Local News

Easley Asks General Assembly To Reconvene About Vetoed Bill

Posted November 11, 2002 1:46 a.m. EST

— A special session of the state Legislature was announced Monday by Gov. Mike Easley to reconsider a bill he vetoed last week naming people to boards and commission.

The General Assembly will reconvene Wednesday, Nov. 13 at 1:30 p.m. Last week, Easley announced that he vetoed

Senate Bill 1283

that contained appointments to boards, but the governor said the bill was filled with problems.

Some of the problems with the appointments -- which are unsalaried but pay travel expenses and daily stipends for meetings of about $100 to about $200 - include:

  • Senate President Pro Tem Marc Basnight appointed Stephanie Simpson, a lobbyist for the state Realtors association, to the North Carolina Appraisal Board. State law bars the appointment of anyone involved in real estate.
  • Basnight appointed Lanny Wilson of New Hanover County to the newly created state Turnpike Authority. Wilson already serves on the state transportation board and real estate commission. He is prohibited by law from serving on more than two boards.
  • Senate Democrats appointed Lumberton auctioneer Mickey Meekins to the Auctioneer Licensing Board, which had fined him $250 in May after a dispute between a buyer and seller.
  • House Speaker Jim Black's appointments to the state appraisal board included David Hoyle Jr., who said he did not seek the position and resigned the appointment shortly after it was made.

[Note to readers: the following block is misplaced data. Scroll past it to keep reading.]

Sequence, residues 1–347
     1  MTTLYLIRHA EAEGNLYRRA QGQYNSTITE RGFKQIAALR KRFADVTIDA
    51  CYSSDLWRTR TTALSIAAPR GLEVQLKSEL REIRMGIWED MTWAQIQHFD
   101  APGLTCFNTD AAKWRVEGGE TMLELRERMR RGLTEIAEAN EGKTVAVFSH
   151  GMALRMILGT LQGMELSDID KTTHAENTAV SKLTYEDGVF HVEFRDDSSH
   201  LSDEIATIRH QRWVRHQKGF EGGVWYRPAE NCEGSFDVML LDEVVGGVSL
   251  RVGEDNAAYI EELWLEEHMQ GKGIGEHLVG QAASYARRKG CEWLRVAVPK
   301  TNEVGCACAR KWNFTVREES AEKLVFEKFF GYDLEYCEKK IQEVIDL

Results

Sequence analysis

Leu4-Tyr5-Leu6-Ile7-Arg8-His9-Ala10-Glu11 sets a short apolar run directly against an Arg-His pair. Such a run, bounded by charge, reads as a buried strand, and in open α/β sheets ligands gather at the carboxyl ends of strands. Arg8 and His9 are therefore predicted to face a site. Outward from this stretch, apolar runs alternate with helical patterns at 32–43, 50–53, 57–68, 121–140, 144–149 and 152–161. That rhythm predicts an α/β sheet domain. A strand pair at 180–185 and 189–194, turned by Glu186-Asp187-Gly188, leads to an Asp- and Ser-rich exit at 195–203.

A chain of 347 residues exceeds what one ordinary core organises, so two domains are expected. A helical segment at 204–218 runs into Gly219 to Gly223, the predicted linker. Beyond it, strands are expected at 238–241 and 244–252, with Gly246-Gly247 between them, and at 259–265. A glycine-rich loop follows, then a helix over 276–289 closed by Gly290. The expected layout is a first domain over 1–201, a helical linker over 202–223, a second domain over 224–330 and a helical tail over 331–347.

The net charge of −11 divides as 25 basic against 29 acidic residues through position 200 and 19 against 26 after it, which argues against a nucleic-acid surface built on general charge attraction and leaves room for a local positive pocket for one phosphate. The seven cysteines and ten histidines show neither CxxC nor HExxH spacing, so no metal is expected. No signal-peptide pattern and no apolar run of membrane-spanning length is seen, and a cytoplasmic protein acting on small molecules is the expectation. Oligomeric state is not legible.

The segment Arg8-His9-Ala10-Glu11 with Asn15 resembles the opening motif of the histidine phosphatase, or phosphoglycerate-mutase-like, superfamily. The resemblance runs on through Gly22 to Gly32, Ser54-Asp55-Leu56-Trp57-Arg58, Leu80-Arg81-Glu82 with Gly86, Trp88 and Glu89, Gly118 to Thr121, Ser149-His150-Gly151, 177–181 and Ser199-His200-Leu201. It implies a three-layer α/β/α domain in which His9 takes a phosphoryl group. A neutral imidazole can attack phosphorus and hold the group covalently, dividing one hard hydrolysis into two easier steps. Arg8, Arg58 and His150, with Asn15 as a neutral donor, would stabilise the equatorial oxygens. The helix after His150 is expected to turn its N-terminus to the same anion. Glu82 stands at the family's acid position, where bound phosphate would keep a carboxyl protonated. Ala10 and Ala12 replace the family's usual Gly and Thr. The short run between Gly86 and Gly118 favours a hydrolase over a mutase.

• Easley's veto message pointed out that two appointees are dead; they died after the bill was passed into law. The bill also "mistakenly makes six appointments that are required to be made by the Governor," he wrote.

    The appointments provide legislative leaders the opportunity to reward supporters and to shape state regulatory policy. Basnight and Black, both Democrats, decided to create 31 new board and commission positions.

    In his veto message, Easley - also a Democrat - criticized the increase in state costs during a budget crisis.

    A spokeswoman for Basnight emphasized that about half the appointments are paid for through fees from the industries they regulate and not tax dollars.

    "Senator Basnight doesn't see a problem with increasing North Carolinians' role in their government," said Amy Fulk, Basnight's communications director.

    The appointments apparently had little to do with whether the boards themselves thought they needed to grow.

    "No one here had any advance notice," said Terry Wright, deputy director of the Private Protective Services Board, which would have gained two new members under the vetoed bill. The board regulates private security firms.

    Wright and others found out when the board's lawyer saw the appointments bill on the General Assembly Web site.

    "That was a bit of a surprise," said Mel Black, executive director of the appraisal board, which grew by two seats, one appointed by Black and the other by Basnight.